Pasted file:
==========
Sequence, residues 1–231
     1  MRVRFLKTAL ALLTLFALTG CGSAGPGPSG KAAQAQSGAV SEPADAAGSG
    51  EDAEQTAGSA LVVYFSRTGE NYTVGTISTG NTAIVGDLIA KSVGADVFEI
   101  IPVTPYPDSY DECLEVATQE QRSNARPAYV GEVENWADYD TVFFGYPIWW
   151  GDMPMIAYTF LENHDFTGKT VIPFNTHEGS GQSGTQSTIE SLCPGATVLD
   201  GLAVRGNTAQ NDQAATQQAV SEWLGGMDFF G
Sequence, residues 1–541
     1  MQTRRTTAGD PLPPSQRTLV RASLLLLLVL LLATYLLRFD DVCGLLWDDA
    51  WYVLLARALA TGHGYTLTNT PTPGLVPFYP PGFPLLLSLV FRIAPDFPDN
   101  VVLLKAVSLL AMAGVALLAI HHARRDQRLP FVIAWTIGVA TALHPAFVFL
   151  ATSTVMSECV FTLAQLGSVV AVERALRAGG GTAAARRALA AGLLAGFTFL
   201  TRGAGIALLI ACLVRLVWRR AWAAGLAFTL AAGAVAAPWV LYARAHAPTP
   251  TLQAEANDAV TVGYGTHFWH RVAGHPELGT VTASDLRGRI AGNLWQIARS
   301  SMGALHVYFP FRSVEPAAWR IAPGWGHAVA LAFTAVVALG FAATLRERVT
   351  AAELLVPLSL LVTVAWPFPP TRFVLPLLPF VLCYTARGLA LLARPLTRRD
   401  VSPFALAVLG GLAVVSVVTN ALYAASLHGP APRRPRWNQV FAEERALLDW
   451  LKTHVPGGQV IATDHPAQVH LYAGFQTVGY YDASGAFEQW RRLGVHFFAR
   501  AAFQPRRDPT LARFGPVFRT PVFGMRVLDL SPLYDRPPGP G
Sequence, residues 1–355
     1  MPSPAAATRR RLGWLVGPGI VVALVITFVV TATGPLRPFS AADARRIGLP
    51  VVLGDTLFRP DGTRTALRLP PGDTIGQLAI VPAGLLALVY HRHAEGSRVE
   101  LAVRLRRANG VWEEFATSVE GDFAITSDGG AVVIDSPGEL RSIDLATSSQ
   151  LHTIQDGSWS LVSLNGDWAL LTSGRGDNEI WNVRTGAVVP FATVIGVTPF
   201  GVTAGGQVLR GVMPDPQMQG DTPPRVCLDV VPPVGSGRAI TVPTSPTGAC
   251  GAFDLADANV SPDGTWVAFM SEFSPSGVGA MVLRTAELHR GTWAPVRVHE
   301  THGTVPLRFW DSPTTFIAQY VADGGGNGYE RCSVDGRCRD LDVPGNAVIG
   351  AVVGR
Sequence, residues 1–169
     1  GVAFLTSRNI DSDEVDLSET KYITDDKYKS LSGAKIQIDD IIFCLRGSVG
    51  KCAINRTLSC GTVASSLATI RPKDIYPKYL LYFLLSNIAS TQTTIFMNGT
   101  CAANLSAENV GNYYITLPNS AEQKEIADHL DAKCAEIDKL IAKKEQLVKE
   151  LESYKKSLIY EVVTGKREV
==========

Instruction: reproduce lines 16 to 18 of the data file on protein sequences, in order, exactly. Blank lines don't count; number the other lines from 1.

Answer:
   401  VSPFALAVLG GLAVVSVVTN ALYAASLHGP APRRPRWNQV FAEERALLDW
   451  LKTHVPGGQV IATDHPAQVH LYAGFQTVGY YDASGAFEQW RRLGVHFFAR
   501  AAFQPRRDPT LARFGPVFRT PVFGMRVLDL SPLYDRPPGP G